By Pam Martens and Russ Martens: August 4, 2015
The Dodd-Frank financial reform legislation just celebrated its fifth anniversary on July 21 and the gaping holes it left in the promise to protect our Nation from another systemic financial crash are becoming clearer every day. No other agency has done more to highlight these growing risks than the Office of Financial Research (OFR), created under Dodd-Frank as a unit of the U.S. Treasury. In its most recent report, it provides the stunning news that private hedge funds in the U.S. now control one-third of all assets under management in the financial services industry – a stunning $4.1 trillion when leverage is included.
In February of this year, OFR released a jaw-dropping report showing dangerous levels of systemic and interconnected risk among some of the same Wall Street players that held pivotal roles in the crash of 2008. The report found that five Wall Street banks had high contagion index values — Citigroup, JPMorgan, Morgan Stanley, Bank of America, and Goldman Sachs.
On June 11, OFR released a paper warning that banks were up to their old tricks again, using dodgy “capital relief trades” with unknown counterparties in order to hold less capital than would otherwise be required against potential losses. And regulators remain in the dark about the extent of these trades because the banks have reporting loopholes.
Last Thursday, the OFR was back on its bully pulpit again, this time warning that transparency as to what hedge funds are really up to is as clear as mud, despite efforts under Dodd-Frank to provide greater visibility on the levels of systemic risk they might be introducing into the financial system. The report makes the startling finding that assets under management (AUM) at hedge funds, adding in the leverage factor, as of December 2013 “was about $4.1 trillion, in sharp contrast with the approximately $2.6 trillion industry aggregate AUM estimated from public sources as of that date.”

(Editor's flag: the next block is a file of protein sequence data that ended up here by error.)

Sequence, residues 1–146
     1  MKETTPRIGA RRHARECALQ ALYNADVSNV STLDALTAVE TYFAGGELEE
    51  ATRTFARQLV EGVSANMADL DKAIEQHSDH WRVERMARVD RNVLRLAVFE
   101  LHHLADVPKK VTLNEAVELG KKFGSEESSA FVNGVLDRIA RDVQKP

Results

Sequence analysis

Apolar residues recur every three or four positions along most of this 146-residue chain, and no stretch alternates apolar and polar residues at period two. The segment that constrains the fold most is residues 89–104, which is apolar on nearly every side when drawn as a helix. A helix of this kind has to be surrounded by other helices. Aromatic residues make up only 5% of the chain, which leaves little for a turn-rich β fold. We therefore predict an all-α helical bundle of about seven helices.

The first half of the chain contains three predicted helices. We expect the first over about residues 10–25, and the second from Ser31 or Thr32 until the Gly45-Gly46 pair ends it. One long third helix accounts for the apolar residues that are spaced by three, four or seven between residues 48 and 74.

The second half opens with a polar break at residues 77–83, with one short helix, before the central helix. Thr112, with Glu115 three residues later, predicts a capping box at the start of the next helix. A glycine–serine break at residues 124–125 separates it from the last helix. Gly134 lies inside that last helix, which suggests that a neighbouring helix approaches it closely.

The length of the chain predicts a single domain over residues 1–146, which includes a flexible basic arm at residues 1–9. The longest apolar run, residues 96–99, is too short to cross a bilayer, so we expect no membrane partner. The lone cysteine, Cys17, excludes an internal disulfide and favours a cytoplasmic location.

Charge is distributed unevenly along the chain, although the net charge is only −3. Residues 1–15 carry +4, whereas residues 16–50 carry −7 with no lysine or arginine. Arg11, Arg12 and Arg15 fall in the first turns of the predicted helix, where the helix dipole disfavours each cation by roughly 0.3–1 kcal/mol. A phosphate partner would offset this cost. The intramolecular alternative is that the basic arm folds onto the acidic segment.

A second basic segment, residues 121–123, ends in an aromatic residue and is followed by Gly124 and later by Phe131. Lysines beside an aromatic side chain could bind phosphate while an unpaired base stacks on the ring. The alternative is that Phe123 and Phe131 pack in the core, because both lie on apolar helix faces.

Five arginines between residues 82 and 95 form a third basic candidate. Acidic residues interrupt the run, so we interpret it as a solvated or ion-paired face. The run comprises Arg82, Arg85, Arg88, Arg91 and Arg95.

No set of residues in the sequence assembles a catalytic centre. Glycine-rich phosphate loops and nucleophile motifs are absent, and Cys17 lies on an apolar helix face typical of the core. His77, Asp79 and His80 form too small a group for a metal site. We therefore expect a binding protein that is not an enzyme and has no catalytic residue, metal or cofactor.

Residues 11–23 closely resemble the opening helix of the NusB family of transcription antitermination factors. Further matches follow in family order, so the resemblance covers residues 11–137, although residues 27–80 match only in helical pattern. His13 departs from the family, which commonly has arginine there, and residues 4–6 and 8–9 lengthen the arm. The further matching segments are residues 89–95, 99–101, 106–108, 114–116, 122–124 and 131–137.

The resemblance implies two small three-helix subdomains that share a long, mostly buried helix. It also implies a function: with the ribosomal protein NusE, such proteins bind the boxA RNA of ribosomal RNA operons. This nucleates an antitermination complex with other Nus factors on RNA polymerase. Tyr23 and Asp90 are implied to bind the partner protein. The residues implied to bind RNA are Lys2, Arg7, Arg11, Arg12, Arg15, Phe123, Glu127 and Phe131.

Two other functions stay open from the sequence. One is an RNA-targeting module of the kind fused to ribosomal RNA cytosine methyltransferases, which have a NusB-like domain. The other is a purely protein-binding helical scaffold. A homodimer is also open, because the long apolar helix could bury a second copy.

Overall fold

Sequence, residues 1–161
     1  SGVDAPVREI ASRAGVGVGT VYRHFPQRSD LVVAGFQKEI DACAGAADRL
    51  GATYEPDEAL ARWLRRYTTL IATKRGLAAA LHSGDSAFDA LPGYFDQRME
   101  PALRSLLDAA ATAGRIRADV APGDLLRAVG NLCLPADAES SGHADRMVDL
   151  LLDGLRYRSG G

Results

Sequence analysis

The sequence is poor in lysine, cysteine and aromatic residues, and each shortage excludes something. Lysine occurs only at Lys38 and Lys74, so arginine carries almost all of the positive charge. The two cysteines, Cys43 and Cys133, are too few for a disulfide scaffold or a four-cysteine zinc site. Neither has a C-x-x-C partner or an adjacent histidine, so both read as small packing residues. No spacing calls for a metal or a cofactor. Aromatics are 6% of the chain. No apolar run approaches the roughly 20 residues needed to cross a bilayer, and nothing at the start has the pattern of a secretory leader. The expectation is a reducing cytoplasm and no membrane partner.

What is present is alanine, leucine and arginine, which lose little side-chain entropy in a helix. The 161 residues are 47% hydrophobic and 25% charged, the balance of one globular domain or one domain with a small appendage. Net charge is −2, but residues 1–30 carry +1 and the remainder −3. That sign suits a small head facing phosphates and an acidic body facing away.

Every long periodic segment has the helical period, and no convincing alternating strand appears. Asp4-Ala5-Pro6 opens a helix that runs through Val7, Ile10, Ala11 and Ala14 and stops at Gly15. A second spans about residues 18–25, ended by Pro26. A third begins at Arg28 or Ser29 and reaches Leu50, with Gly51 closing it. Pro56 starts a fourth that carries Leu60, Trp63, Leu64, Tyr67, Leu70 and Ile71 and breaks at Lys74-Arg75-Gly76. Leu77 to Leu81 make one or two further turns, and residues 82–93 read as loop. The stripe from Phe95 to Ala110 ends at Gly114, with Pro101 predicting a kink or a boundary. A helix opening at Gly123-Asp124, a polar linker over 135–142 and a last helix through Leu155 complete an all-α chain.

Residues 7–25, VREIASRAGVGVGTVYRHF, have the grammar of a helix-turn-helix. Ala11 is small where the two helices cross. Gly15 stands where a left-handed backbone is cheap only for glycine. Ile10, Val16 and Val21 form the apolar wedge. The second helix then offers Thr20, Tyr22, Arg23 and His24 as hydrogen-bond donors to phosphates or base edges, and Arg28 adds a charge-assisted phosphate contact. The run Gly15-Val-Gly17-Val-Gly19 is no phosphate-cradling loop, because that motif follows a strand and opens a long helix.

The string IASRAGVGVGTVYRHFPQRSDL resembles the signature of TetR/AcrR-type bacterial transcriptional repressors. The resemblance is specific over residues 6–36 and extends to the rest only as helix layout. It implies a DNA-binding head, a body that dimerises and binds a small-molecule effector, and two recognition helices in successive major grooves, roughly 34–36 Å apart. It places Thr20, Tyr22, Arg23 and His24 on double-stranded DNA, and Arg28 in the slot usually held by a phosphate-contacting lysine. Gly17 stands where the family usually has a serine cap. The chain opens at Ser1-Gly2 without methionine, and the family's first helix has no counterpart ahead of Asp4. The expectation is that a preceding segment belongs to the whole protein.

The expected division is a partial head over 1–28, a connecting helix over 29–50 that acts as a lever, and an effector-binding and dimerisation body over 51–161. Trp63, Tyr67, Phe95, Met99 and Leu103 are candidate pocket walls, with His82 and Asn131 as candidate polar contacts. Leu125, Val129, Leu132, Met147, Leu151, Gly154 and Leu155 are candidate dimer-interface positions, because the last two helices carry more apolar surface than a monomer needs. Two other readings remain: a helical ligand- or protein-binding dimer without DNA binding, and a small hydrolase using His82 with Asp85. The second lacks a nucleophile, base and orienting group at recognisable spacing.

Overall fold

Title IV of Dodd-Frank required that hedge funds must register with the Securities and Exchange Commission (SEC), maintain records regarding their activities, and file reports with the SEC “as necessary and appropriate in the public interest and for the protection of investors, or for the assessment of the systemic risk.” In 2011, the SEC and the Commodity Futures Trading Commission (CFTC) boiled those requirements down into a reporting form called the “Form PF.”
The problem, according to a highly credible report from the OFR, is that there is enough wiggle room in that Form PF to launch an aircraft carrier. OFR’s report found, specifically, that Form PF “may obscure reporting funds’ actual risks.” If the public wants to have a look at the portfolio holdings or strategies the hedge funds are reporting on Form PF, they can’t. It’s confidential between the respective hedge fund and regulators. There had also been proposals that the data filings should be certified as accurate under penalty of perjury. That was gutted from the final rule.
One criticism lodged in the OFR report is the use of VaR data (value at risk) on the reporting form. The report recommends that “additional reporting of a more diverse set of risk measures could improve the precision of the form’s risk measurement.” The ability to game VaR played a key role in the $6.2 billion in losses at JPMorgan Chase in 2012. That trading fiasco became known as the London Whale: traders in London engaged in high risk derivative trades using bank depositors’ funds at the commercial bank of JPMorgan Chase.
The danger of a giant hedge fund setting off a chain reaction that could implode the whole U.S. financial system is not far-fetched. In 1998, a derivatives debacle at the insanely leveraged Long-Term Capital Management hedge fund (LTCM) posed just such a systemic threat, leading the Federal Reserve Bank of New York to effectively put a gun to Wall Street’s head to bail it out.
The only difference between then and now is that hedge funds are massively larger while regulators still have their heads securely perched in the sand.
The impressive report from the OFR was written by: Mark D. Flood and Phillip Monin, both with OFR, and Lina Bandyopadhyay of the Federal Reserve Bank of Chicago.